I live with two cats. When I leave for work in the morning they sleepily blink on the pink cushions in the living room, as I say goodbye and wish them a pleasant day. When I return from work they sleepily blink on the same pink cushions, as I ask them how their day was. I am fully aware that raising their heads to look at me is the first thing the lazy shits have done since I left that morning.

Their laziness doesn't bother me. They wouldn't be cats without that trait. What does bother me is that they never respond verbally! They just stare at me in rude silence, ignoring my questions.

Once I had become tired of their apathy towards me, I decided to do some research. After reading up about this phenomenon on the internet, I discovered that I was not alone and that it wasn't actually their fault for not responding. It turns out that cats (alongside everything else non-human) are completely unaware of basically everything (including my attempts to communicate with them) because they are not "sentient."

Well, this was a massive blow to me. There I was each night with my wine-stained lips, talking to my cats about the ups and (mainly) downs of my life, squeezing them tightly for some kind of connection as the moldy, red grape juice pushed the salty wetness from my eyes. It would be an understatement to say that it hurt me to find out that they were no more consciously present than the sunken, cracked wall that I rested my poor head against.

Now I regard them as living ornaments, taxidermy items with agency to move. But what agency? Enough to beg for food, rip holes in my sofa, awaken me with farts as the sun rises, but not enough to say, "thanks, Cleary, I hope you have a pleasant day as well." And without that, final, crucial aspect of being, how can I know that their movements through this world are not as meaningless as a leaf caught in a light summer's breeze?

I still feed them and tend to their needs, but when I look into their eyes I might as well be staring at a piece of soggy cardboard. Instead of confiding in those walking bread-bins, I have retreated to the window of electronic light in my 3am brain-blurs: the chat-room. As the succulent red liquid is decanted from the bottle to my stomach, more and more tear-jerking paragraphs based on my life form into the small chatbox window. Déjà vu hits me when nobody responds directly to them, but I am at least consoled by paragraphs that are similar to my own from other users.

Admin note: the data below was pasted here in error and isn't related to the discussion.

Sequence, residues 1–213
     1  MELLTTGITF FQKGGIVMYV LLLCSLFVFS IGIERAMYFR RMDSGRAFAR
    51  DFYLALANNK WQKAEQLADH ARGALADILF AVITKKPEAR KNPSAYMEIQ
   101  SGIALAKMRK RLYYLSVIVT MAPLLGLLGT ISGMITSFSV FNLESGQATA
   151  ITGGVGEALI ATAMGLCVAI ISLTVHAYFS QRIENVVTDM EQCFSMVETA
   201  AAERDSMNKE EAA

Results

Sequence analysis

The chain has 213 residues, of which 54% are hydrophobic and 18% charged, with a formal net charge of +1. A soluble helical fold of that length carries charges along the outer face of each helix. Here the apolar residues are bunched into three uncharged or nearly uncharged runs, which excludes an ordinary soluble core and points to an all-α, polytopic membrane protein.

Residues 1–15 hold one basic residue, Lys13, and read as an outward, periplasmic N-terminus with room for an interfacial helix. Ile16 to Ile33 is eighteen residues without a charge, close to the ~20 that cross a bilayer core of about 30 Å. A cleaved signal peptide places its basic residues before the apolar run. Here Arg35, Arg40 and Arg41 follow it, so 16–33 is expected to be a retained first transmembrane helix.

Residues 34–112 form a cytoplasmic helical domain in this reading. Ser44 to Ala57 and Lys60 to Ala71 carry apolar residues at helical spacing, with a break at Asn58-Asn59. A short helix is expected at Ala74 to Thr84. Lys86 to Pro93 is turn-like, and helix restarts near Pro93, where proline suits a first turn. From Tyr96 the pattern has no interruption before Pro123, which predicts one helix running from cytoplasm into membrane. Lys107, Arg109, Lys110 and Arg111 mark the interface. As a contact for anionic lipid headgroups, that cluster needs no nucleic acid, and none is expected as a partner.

C4tb3Tr4yed42 is the only person I've added to my friend's list so far. As usual, we never respond directly to each other, only with equally long and winding grammerless stories of our own life's unfair bitterness. She took it a lot harder than me when she found out that her cat's biological make-up made it impossible for it to understand a word that she was saying. She told me about the "consciousness tests" that she tried on her cats in order to prove that they could understand her. None of her trials were successful.

Last week was the last time she came online. Her tales that night were particularly frantic, sentences fragmented like broken blinds half blotting out the sunset through the dirty window of a London high-rise. She used to be on every night. Rumours around the chat-room are that she was submitted to a mental asylum. The loss of her cat's sentience brought hers with it, it seems.

That's why I wrote this article, for C4tb3Tr4yed42 and all those in her position. No matter how hard it is to come to terms with the fact that your cats literally don't understand a single word that you're saying, you have to stay strong and find professional help if you need it. I found my new place to confide in the dark recesses of online chat-rooms. It's up to you to find yours. Sentience needs sentience.